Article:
There are many legal aspects to consider when buying off-plan properties in Italy. We would always advise that you seek legal advice before investing. Developers and builders can be very persuasive, but whatever you do, don’t sign anything without taking independent professional advice.
Significant delays in delivery of off-plan properties is one aspect that irritates investors about Italian off-plan property purchases.
Buyers often try to integrate a late delivery penalty clause in agreements. However, enforcing penalty clauses is not easy. Often the agreement will have been drafted by the developer or builder. Where the developer or builder is a major company, penalty clauses are unlikely to have been mutually agreed between the company and the buyer. The agreement will therefore unilaterally favour the builder.
If they are fortunate, buyers manage to insert a penalty clause which would be equal to the deposit in the Preliminary Agreement (“Compromesso”). This would of course be a negligible sum and the buyer is still contractually bound to wait for the builder to deliver the property.
A more effective legal safeguard would be to integrate an express termination clause within the Compromesso. In effect, the termination of the agreement would automatically occur – whether or not the buyer notifies the seller of intentions. The length of delay in delivery of off-plan properties would be defined in the Compromesso. If this delay is exceeded, either the parties could negotiate an extension and a new Compromesso, or the buyer could claim a refund of deposits and / or any other advance payments made.
Where this clause is not expressed in a Compromesso, the buyer can send the builder a formal request to respect agreed terms and conditions within a certain time, which cannot be less than 15 days. In the formal request, the purchasing party should warn the vendor, that unless the latter respects terms and conditions, the agreement will be deemed as terminated. The Italian law calls this particular provision “essential term”.
Unfortunately, sometimes, buyers sign a Compromesso which seems very unfair. This may happen because a buyer has been persuaded by a developer’s or vendor’s promises. Yet, when the informally-agreed delivery day arrives and buyers do not receive the keys to their property, the buyer discovers the law does not provide much protection.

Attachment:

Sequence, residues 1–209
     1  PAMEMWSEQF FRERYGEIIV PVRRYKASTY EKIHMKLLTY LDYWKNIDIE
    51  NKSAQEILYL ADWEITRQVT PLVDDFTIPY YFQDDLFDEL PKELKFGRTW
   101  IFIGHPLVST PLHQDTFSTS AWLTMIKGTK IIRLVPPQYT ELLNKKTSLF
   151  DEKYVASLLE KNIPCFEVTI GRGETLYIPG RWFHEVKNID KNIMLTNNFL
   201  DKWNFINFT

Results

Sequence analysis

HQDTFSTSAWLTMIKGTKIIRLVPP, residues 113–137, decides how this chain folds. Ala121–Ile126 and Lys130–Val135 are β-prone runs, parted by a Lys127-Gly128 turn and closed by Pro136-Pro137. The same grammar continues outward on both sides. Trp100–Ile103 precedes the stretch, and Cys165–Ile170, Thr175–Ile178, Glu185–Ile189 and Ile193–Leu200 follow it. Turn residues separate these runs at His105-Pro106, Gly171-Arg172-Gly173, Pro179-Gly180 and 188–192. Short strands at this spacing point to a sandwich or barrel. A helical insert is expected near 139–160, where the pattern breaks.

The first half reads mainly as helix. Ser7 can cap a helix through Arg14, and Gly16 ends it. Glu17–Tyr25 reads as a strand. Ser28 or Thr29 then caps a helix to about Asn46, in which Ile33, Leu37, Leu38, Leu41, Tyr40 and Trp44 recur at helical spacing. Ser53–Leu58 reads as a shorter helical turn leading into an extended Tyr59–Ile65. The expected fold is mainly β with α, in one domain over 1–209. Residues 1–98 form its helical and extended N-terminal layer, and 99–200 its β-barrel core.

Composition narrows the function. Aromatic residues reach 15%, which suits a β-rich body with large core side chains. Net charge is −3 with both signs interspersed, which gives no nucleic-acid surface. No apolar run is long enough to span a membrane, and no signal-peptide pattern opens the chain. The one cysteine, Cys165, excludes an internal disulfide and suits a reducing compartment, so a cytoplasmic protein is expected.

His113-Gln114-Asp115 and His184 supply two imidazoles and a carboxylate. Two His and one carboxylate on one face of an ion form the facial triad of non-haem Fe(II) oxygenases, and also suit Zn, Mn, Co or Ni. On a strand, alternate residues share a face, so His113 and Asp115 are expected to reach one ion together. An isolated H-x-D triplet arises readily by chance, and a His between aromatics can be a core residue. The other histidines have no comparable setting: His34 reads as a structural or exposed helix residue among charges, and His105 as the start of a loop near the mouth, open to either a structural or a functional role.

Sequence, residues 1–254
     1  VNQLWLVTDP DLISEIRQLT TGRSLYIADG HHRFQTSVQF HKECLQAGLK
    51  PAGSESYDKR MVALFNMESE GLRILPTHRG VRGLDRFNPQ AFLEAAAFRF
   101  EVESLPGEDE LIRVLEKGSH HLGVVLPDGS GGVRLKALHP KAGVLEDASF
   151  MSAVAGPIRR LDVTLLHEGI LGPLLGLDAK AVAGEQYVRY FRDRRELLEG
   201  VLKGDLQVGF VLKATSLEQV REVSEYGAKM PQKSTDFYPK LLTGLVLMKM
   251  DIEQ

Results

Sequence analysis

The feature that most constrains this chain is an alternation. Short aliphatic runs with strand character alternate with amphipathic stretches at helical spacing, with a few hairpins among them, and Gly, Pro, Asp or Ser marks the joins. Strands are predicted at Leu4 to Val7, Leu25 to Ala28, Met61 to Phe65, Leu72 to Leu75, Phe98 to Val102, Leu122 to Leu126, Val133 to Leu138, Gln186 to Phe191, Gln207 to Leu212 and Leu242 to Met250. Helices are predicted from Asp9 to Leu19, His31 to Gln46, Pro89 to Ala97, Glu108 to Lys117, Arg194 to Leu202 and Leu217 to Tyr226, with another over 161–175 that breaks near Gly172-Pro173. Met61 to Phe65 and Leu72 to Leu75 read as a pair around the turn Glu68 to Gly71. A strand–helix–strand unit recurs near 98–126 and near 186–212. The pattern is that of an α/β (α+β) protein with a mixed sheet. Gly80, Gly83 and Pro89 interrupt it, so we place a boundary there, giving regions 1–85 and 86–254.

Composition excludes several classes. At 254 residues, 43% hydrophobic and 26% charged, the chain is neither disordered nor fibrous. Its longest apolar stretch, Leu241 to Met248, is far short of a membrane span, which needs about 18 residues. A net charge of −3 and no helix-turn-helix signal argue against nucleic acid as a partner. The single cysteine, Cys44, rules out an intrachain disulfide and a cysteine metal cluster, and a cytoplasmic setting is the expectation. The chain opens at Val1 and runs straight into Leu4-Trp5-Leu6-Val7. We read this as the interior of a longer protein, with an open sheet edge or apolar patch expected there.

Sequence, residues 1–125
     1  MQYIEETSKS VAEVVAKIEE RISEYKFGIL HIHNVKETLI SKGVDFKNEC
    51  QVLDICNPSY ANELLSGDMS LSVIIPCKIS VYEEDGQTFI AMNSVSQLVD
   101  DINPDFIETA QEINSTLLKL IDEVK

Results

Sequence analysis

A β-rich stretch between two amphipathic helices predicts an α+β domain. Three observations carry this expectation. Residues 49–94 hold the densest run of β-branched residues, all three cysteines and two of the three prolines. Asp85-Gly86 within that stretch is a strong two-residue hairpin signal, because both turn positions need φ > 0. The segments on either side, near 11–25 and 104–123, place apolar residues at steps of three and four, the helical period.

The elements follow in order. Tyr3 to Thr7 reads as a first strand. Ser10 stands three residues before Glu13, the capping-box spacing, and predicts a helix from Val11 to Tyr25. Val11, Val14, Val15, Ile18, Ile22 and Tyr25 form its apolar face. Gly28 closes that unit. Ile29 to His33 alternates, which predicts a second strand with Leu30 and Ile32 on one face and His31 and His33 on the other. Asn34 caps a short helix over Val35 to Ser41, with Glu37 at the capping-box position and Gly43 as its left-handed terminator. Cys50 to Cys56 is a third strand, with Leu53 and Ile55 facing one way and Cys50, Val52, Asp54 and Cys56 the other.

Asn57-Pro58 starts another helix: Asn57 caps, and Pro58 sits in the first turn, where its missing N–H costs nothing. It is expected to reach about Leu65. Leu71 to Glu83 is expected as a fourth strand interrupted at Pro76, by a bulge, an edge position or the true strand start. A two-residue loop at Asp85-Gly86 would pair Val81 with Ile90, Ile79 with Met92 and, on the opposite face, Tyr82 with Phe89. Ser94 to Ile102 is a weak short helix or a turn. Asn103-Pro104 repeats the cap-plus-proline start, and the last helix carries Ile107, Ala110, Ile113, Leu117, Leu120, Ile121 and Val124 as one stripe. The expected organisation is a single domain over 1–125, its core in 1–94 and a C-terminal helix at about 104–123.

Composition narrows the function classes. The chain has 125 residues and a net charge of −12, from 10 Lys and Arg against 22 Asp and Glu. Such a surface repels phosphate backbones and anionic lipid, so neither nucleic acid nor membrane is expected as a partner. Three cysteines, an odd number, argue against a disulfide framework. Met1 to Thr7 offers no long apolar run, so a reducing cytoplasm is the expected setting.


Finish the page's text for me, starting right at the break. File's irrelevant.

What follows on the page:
In a recent court case, where the “essential term” had not been complied with, the Court of Vicenza (judgement n.187/2016) ruled that: anytime a delay is considered unbearable, it is possible to undertake legal proceedings against the builder, or the building company, and to obtain a refund of any advance payments. Furthermore, but ONLY IN CASE OF PROVEN DAMAGE, the purchasing party can claim additional compensation.
Either way, before taking legal actions to resolve the agreement and/or to claim for any compensation for damages, an amicable settlement is always highly recommended; also because legal action through the Italian courts could take more than 5 years, whereas an amicable settlement could lead to a favourable outcome for both parties more quickly.
You may be interested in reading more about the legal aspects of Italian off-plan property purchases and insurance. Or if you are thinking of buying off-plan and need advice, please get in touch. We are here to help.
Conveyancing in Italy, Italian Attorney, Italian Lawyer, Italian Notary Public, Italian property, Italian Property Attorney, Italian Property Law, Italian Property Lawyer, Italian Property Legal Assistance, Italian Property Solicitor, Italian Solicitor, Law Firms in Italy, Notaio, Notary, Notary Public, Off-Plan, Off-plan Property